Biologists at UC San Diego have discovered that a small dose of a commonly used crop pesticide turns honey bees into "picky eaters" and affects their ability to recruit their nestmates to otherwise good sources of food.
The results of their experiments, detailed in this week's issue of the Journal of Experimental Biology, have implications for what pesticides should be applied to bee-pollinated crops and shed light on one of the main culprits suspected to be behind the recent declines in honey bee colonies.
Since 2006, beekeepers in North America and Europe have lost about one-third of their managed bee colonies each year due to "colony collapse disorder." While the exact cause is unknown, researchers believe pesticides have contributed to this decline. One group of crop pesticides, called "neonicotinoids," has received particular attention from beekeepers and researchers.
The UC San Diego biologists focused their study on a specific neonicotinoid known as "imidacloprid," which has been banned for use in certain crops in some European countries and is being increasingly scrutinized in the United States.
"In 2006, it was the sixth most commonly used pesticide in California and is sold for agricultural and home garden use," said James Nieh, a professor of biology at UC San Diego who headed the research project with graduate student Daren Eiri, the first author of the study. "It is known to affect bee learning and memory."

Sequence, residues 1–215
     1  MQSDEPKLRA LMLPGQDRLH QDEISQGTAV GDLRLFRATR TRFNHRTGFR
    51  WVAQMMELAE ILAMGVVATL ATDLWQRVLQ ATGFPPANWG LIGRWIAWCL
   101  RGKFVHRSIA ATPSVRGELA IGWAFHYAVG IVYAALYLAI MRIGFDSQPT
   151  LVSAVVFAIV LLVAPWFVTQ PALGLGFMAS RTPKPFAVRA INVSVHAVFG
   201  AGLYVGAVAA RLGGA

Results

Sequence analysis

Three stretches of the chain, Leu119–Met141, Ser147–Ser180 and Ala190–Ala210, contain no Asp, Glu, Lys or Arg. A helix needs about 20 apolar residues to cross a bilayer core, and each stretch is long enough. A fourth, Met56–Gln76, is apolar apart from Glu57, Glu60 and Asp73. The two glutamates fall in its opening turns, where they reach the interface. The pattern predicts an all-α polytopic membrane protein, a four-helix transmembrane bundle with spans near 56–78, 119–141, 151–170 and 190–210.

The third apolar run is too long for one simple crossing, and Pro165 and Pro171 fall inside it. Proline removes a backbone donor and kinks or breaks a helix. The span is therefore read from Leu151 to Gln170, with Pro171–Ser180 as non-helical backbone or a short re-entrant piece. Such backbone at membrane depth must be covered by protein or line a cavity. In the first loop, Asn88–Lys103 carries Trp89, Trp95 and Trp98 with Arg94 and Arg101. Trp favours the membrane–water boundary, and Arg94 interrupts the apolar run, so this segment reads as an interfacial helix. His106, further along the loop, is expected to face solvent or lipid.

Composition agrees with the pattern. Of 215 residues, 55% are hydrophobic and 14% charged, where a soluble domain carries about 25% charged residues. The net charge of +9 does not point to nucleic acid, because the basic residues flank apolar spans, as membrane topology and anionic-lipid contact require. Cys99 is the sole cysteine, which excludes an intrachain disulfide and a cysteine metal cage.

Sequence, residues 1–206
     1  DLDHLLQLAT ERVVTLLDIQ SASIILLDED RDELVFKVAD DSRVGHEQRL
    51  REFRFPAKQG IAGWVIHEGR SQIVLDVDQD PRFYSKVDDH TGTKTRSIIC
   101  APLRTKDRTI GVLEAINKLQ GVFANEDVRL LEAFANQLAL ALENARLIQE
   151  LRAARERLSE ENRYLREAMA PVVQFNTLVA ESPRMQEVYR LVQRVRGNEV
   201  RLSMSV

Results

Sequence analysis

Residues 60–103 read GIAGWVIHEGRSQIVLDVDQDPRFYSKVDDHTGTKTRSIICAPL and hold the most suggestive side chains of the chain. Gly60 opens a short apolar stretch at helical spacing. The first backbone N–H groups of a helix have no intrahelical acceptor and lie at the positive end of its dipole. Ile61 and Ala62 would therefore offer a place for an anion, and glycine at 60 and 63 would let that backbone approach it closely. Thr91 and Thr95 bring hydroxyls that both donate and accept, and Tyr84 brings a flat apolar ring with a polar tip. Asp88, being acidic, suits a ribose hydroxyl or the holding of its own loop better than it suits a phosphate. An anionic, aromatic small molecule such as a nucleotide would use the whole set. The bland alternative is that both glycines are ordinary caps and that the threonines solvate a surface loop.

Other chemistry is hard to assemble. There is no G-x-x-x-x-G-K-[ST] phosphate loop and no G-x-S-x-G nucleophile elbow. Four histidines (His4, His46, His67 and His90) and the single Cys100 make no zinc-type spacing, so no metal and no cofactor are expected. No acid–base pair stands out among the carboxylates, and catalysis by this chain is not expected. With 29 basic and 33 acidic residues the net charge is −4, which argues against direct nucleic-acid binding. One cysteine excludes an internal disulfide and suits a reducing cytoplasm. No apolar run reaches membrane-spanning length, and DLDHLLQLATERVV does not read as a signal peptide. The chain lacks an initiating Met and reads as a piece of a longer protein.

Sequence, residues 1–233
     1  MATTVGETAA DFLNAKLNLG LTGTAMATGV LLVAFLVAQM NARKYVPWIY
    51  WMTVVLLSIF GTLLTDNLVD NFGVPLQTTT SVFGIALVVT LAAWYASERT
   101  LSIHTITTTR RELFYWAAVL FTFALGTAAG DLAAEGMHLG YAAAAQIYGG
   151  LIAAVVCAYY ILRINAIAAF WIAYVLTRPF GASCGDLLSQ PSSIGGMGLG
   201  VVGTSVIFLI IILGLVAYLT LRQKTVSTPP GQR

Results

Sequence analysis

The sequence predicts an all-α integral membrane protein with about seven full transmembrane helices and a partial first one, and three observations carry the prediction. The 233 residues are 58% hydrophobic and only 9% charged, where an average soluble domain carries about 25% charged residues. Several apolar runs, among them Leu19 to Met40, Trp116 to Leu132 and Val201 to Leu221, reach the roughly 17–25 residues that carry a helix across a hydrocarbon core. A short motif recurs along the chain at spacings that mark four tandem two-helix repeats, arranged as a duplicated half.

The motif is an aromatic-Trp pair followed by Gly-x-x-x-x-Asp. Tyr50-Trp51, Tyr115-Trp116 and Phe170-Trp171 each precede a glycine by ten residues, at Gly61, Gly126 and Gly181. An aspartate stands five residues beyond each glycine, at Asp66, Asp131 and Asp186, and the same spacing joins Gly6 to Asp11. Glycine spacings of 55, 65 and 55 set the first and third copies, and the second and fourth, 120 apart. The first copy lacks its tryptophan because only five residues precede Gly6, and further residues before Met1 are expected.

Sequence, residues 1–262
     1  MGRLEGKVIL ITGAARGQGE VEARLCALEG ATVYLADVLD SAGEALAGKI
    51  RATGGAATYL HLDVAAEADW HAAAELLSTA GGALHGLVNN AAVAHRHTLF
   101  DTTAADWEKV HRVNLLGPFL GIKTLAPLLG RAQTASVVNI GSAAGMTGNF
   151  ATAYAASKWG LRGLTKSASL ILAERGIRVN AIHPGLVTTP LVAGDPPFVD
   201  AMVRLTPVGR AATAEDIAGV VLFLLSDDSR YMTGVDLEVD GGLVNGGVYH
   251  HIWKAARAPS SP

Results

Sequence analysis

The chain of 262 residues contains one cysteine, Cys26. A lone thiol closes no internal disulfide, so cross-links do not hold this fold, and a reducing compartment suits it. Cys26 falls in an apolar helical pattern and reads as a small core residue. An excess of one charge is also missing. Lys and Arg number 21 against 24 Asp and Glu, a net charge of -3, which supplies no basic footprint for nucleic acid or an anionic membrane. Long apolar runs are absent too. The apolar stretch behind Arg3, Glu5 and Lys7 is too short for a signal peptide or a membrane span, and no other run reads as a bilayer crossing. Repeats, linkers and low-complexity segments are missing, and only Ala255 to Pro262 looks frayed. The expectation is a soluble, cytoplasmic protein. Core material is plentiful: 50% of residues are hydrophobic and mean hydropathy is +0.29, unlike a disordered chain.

The two biologists found in their experiments that honey bees treated with a small, single dose of imidacloprid, comparable to what they would receive in nectar, became "picky eaters."
"In other words, the bees preferred to only feed on sweeter nectar and refused nectars of lower sweetness that they would normally feed on and that would have provided important sustenance for the colony," said Eiri. "In addition, bees typically recruit their nestmates to good food with waggle dances, and we discovered that the tr
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University of California - San Diego